The National Human Rights Commission on Monday said security agents who carried out an operation in an uncompleted building in the Apo district of Abuja on September 20, 2013, did not kill eight squatters in self-defence, as claimed by the State Security Service and the Nigerian Army.
The Commission ordered the Federal Government to pay a total sum of N135m as compensation to the victims – including N10m for each of the deceased persons, as well as N5m to each of 11 injured survivors.
The NHRC disclosed these in the report of a public hearing it conducted over the incident.
Eight squatters in the uncompleted building died during the early morning operation, which troops comprising operatives of the SSS and the army undertook in an unsuccessful bid to arrest an alleged Boko Haram leader, Suleiman R-Kelly, who was said to have buried arms in the Apo cemetery.
According to the SSS, the fatalities were recorded after suspected Boko Haram members in the building opened fire on the troops, who retaliated.
But, in the wake of contradictory reports that the victims were operators of commercial tricycles, popularly known as Keke NAPEP, the NHRC decided to conduct a public hearing into the development, in line with its constitutional mandate.
A panel of the NHRC, including the Chairman of the Governing Council, Prof. Chidi Odinkalu, and the Executive Secretary, Prof. Bem Angwe, took submissions from parties involved in the affair, particularly the three major actors – the SSS, the army and the National Association of Commercial Tricycle and Motorcycle Owners and Riders Association.
While the SSS and the army insisted that they acted in self-defence, and that the victims were members of the Boko Haram sect, NATOMORAS maintained that the attack was unprovoked, and that the victims were its members.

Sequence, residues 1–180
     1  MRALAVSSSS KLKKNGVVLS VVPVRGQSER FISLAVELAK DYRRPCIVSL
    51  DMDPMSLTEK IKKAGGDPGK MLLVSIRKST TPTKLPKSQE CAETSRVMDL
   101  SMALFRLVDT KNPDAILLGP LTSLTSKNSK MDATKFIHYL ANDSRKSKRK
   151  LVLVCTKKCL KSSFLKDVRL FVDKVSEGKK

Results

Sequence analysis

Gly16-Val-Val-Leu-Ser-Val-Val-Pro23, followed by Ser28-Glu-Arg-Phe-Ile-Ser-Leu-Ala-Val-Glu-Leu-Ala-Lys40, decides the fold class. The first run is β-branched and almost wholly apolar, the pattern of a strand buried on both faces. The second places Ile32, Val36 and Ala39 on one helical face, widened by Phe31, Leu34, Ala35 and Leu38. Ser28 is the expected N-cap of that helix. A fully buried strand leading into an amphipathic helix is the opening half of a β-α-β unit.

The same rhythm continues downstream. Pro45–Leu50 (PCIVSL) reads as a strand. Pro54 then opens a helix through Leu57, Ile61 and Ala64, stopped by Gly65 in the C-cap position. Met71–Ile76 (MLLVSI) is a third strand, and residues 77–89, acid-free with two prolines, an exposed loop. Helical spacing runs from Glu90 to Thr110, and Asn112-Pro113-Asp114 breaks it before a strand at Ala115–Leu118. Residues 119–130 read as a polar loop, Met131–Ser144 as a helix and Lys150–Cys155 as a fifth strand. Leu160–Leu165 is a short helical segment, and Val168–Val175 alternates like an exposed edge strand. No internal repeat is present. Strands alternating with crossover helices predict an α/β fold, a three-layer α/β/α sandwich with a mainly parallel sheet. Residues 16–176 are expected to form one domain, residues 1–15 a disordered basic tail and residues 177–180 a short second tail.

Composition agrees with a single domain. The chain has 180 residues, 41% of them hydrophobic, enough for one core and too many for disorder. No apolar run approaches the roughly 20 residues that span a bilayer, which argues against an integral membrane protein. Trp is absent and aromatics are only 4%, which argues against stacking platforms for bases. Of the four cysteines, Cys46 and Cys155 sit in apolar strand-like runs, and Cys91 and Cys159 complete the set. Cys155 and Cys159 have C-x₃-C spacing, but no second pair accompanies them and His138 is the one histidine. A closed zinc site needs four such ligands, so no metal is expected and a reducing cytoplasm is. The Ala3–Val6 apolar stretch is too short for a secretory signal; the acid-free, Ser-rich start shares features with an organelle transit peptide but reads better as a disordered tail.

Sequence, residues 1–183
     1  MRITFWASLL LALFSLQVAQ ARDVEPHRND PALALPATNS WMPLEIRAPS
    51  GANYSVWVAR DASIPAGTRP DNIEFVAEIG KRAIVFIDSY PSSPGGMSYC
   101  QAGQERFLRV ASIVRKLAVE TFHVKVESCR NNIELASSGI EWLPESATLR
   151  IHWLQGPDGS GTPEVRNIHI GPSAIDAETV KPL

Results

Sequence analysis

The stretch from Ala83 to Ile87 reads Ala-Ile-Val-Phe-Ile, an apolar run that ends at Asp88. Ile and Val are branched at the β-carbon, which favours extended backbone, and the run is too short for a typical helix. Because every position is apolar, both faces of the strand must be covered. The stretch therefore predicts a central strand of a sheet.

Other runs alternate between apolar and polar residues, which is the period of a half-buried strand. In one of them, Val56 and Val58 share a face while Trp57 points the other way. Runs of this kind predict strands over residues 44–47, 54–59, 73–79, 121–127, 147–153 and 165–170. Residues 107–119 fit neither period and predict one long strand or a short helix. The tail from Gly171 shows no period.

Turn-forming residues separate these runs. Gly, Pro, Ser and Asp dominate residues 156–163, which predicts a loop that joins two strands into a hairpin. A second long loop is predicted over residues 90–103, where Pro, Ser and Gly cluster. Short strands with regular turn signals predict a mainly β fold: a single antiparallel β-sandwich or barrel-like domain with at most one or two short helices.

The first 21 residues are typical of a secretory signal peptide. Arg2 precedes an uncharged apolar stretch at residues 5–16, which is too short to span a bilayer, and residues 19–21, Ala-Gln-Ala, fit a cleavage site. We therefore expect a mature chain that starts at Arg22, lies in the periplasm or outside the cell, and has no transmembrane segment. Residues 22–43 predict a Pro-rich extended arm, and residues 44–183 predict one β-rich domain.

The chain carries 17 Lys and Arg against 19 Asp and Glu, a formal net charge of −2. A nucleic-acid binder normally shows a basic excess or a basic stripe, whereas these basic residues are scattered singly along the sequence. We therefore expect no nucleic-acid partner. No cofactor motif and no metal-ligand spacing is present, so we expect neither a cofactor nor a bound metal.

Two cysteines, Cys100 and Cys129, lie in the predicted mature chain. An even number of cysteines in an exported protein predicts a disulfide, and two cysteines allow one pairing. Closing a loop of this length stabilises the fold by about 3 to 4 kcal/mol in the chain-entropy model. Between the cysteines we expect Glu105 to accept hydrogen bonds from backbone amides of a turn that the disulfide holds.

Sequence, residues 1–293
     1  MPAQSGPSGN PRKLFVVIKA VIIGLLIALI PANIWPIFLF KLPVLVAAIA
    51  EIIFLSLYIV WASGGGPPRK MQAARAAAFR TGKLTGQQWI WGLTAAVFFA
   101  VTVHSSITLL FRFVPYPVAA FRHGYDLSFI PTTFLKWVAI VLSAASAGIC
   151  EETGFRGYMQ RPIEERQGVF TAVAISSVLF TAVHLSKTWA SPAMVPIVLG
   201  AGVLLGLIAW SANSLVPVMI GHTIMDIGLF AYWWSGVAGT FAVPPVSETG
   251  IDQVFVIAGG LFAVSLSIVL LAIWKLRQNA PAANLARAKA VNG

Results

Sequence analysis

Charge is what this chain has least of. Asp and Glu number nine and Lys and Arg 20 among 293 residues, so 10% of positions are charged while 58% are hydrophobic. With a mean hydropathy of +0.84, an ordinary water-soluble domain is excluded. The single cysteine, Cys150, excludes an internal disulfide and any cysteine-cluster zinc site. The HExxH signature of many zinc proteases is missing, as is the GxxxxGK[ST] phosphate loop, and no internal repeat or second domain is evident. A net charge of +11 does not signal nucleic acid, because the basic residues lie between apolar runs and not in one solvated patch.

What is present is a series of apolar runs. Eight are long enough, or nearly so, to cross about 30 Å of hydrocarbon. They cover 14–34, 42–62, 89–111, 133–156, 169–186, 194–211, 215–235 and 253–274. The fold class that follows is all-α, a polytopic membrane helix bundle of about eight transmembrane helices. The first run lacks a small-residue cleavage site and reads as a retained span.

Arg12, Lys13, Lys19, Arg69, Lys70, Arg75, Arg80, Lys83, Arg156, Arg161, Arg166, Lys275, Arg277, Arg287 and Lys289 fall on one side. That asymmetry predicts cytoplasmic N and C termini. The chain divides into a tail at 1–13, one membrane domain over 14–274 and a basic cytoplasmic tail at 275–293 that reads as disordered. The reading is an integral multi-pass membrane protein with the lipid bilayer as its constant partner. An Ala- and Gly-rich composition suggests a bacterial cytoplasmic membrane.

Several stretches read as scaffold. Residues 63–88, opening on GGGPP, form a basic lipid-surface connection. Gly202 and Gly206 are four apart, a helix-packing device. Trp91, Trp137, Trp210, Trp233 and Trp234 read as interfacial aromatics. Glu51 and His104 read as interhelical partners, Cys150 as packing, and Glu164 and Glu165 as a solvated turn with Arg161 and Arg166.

But the NHRC, in its report which was released about three months after the conclusion of the public hearing, held that the SSS and the army lied in blaming the death of the eight squatters and serious injury to eleven others, on a provoked attack.
Announcing the Commission’s decision and orders, Angwe said, “Having investigated this complaint, heard all the parties and examined the relevant laws, the NHRC, exercising its powers under sections 5 and 6 of the National Human Rights Commission Act, 2010, (as amended), hereby determines and declares that the defence of self-defence asserted by the respondents (Federal Government, SSS, army) is not supported by the facts or evidence.”
And, in response to official claims that the victims are members of the Boko Haram sect, the report stated, “There is no credible evidence to suggest or show that the victims in this case were members of Jama’atu ahlus sunnah lid da-awati wal jihad (Boko Haram) or involved in direct participation in hostilities.
“They were, therefore, protected, civilian non-combatants.”
The NHRC added that “Taking account of all the circumstances in this case, the application of lethal force was disproportionate and the killings of the eight deceased as well as injuries to the eleven survivors were unlawful.”
Some other squatters, who were arrested during the operation, were eventually released and banished from the Federal Capital Territory, a development which was equally condemned by the NHRC report.